Abstract: The increasingly wide-spread penetration of distributed energy resources (DERs) in distribution networks is creating scenarios where these parts of the grid are gradually becoming important players in electricity generation. However, with DERs proliferation utilities need to ensure that the distribution network can be operated stably, reliably and safely, and at the same time efficiently utilize their capabilities through market participation. Therefore, to be able to carefully orchestrate the dispatch of DERs while ensuring distribution network’s operational requirements are met, an unbalanced AC optimal powerflow problem (ACOPF) has be solved.
Using physics to model the system containing millions of DERs, several thousands of capacitors, regulators and load tap-changers helps utilities to effectively plan, monitor and control their DERs. While unbalanced ACOPF accurately models powerflows, voltage drops, congestion and losses required for decision making, it is a computationally challenging problem to solve because by nature it is nonlinear and non-convex. The scale of the nonlinear program that needs to be solved further complicates the process of finding a (local) solution.
With clever heuristics to prune the network -- thus reducing its size, solver algorithm informed modelling and input data scaling, Opus One’s optimization engine (OE) is currently able to solve real-world problems that have approximately 3 million of variables and equations in about 10 min (on an average), just in time for distribution grid operators to make real-time decisions. However, as the problem size continues to grow for a multitude of reasons, the use of problem decomposition for parallelization while retaining model accuracy becomes important in the future. The talk will concentrate on the current focus for OE and the directions of interest to develop a product for the grid of the future.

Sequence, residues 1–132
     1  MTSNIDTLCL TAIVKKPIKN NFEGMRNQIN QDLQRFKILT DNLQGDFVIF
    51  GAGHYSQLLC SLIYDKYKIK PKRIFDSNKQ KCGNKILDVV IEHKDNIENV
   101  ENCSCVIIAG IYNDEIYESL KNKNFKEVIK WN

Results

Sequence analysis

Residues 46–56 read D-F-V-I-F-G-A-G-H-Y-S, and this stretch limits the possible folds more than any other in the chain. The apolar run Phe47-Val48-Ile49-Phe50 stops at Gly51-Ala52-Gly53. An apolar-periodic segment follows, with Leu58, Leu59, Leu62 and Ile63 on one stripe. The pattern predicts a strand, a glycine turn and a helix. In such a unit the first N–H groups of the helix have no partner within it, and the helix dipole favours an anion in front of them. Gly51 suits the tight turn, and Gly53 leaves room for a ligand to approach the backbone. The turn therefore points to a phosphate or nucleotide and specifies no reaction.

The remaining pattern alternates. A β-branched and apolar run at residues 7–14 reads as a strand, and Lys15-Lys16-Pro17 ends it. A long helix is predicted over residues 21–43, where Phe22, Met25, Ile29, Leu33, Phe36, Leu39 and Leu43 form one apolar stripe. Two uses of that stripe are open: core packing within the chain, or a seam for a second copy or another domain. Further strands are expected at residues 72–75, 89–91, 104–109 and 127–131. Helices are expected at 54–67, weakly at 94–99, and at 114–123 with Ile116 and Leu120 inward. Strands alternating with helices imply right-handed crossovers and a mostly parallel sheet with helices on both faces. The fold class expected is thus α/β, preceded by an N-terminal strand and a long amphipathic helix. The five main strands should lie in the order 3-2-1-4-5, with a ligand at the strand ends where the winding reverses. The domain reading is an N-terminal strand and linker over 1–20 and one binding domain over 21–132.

Bio: Pranav Bhaswanth Madabhushi is an optimization engineer at Opus One from GE Digital’s DER Optimization Team. He holds a Ph.D. in Chemical Engineering with a specialization in Process Systems Engineering from McMaster University.